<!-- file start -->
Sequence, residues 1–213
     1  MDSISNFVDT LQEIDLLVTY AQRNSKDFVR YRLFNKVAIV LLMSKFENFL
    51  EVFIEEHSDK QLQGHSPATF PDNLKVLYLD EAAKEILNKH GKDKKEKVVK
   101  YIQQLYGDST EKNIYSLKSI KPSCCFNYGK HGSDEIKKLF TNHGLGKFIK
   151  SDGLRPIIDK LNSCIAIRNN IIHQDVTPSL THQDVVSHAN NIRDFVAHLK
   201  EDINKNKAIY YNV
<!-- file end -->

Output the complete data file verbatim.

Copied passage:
Sequence, residues 1–213
     1  MDSISNFVDT LQEIDLLVTY AQRNSKDFVR YRLFNKVAIV LLMSKFENFL
    51  EVFIEEHSDK QLQGHSPATF PDNLKVLYLD EAAKEILNKH GKDKKEKVVK
   101  YIQQLYGDST EKNIYSLKSI KPSCCFNYGK HGSDEIKKLF TNHGLGKFIK
   151  SDGLRPIIDK LNSCIAIRNN IIHQDVTPSL THQDVVSHAN NIRDFVAHLK
   201  EDINKNKAIY YNV